We thank you for circulating the extremely useful summary of views expressed by various delegations on the characterisation of LAWS. We also thank you for your opening remarks outlining four possible approaches for the characterisation issue. It has greatly helped in structuring the discussions and channelling our thoughts.
The discourse on characterisation should not become an avenue for complicating the debate, nor for procrastinating while the relevant technologies continue to be weaponised.
My delegation sees the first approach, termed by you as the “separative approach” as the most appropriate to develop a characterisation of LAWS. By combining a process of exclusion and inclusion, under the “via negativa” and the “via positiva”, we can identify the key attributes that would characterise a given weapon system as LAWS.
This should be a technical and policy-neutral process. However, from what we have observed during the debate so far, it is being turned into a political issue suiting the respective policy positions, despite the caveat mentioned in your paper that: the issue of characterisation should be viewed independently and without prejudice to the eventual regulatory response. We should, first and foremost, de-link the characterisation debate from its policy and political dimensions.
For my delegation, the most important factor in characterising a weapon system as LAWS is the level of its autonomy. Weapons that can autonomously select and engage a target, also known as the weapons’ critical functions, without the direct involvement, control or supervision of a human, should be characterised as LAWS.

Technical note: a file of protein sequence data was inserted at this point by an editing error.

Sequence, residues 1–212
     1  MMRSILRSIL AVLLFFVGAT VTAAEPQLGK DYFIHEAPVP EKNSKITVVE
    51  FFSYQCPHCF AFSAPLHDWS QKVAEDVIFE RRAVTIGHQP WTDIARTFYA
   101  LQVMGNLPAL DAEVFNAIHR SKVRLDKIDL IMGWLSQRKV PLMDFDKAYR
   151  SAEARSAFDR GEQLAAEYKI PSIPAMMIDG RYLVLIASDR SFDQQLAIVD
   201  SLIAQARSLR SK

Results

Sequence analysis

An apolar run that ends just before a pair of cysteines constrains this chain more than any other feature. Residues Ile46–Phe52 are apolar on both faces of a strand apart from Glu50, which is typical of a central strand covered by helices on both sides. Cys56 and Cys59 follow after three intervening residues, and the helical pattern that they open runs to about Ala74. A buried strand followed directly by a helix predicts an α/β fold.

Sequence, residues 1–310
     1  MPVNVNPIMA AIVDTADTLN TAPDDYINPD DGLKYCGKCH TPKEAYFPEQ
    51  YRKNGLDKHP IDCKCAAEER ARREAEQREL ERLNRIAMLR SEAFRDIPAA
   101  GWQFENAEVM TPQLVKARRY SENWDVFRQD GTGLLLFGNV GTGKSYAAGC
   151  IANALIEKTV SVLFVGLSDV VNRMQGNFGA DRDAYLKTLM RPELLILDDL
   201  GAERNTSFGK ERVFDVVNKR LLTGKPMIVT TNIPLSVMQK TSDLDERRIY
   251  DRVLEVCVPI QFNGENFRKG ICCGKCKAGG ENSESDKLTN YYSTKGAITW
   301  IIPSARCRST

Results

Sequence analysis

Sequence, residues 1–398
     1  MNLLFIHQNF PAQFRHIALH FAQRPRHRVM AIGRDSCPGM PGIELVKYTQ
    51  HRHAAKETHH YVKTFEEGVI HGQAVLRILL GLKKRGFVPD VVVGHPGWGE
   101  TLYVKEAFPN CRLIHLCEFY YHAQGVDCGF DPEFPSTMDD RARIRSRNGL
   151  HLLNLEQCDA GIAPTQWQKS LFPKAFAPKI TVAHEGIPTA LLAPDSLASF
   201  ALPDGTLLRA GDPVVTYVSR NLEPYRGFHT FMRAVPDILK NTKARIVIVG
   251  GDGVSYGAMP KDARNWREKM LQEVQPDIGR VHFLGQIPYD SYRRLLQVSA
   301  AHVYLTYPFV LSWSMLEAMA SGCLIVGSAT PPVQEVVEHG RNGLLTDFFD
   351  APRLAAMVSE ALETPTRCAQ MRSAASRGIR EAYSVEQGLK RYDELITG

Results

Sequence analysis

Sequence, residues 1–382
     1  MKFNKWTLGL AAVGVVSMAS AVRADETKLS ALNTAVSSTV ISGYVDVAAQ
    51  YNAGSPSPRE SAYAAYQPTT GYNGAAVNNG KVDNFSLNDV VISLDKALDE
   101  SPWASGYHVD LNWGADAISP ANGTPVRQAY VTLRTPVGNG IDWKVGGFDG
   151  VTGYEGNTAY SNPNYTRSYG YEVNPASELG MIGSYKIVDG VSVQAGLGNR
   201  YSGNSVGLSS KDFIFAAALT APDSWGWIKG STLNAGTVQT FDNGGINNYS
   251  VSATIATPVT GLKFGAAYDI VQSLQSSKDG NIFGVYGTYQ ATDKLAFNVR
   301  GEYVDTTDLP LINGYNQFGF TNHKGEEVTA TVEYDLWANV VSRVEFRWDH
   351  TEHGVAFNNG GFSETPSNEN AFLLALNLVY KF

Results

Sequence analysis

The idea is to capture all weapons systems that have the capability to act autonomously, regardless of whether their users have the intention to employ them in autonomous mode. Intentions should not guide the characterisation of and regulatory response to LAWS, but rather their inherent capabilities in terms of autonomy should guide this work.
We agree with Switzerland that autonomous weapons systems with manual over-ride or self destruct and self-deactivate functions should not escape their characterisation as LAWS. This also means that the concept of “meaningful human control” over autonomous weapons in of itself can neither provide the panacea to the challenges posed by them, nor lead to their exclusion from the scope of the GGE. This is again a capability vs. intention issue. A weapon system capable of acting autonomously regardless of whether the possessor intends to use it under human supervision should not affect our consideration of how we characterise it – independent of the eventual policy prescription that we might devise in the future.
At this stage we need to demystify and simplify the debate. We should try to reach on a simple common working understanding of LAWS without necessarily agreeing on a comprehensive and all encompassing legal-technical definition.
I thank you, Mr. Chairman.